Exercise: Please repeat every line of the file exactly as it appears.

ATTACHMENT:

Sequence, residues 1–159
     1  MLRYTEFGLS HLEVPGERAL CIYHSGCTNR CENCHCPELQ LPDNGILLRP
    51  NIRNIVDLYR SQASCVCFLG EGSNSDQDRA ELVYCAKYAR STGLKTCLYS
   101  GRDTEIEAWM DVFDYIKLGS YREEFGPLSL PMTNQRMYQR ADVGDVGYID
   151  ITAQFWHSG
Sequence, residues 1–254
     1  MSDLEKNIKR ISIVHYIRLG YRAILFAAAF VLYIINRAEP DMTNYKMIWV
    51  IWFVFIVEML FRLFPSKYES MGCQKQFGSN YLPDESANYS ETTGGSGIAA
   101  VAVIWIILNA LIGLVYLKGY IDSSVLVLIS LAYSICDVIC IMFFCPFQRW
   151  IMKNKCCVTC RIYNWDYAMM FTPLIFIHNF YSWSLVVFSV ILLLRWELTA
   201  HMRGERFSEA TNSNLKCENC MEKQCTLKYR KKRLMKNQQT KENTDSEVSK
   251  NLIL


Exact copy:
Sequence, residues 1–159
     1  MLRYTEFGLS HLEVPGERAL CIYHSGCTNR CENCHCPELQ LPDNGILLRP
    51  NIRNIVDLYR SQASCVCFLG EGSNSDQDRA ELVYCAKYAR STGLKTCLYS
   101  GRDTEIEAWM DVFDYIKLGS YREEFGPLSL PMTNQRMYQR ADVGDVGYID
   151  ITAQFWHSG
Sequence, residues 1–254
     1  MSDLEKNIKR ISIVHYIRLG YRAILFAAAF VLYIINRAEP DMTNYKMIWV
    51  IWFVFIVEML FRLFPSKYES MGCQKQFGSN YLPDESANYS ETTGGSGIAA
   101  VAVIWIILNA LIGLVYLKGY IDSSVLVLIS LAYSICDVIC IMFFCPFQRW
   151  IMKNKCCVTC RIYNWDYAMM FTPLIFIHNF YSWSLVVFSV ILLLRWELTA
   201  HMRGERFSEA TNSNLKCENC MEKQCTLKYR KKRLMKNQQT KENTDSEVSK
   251  NLIL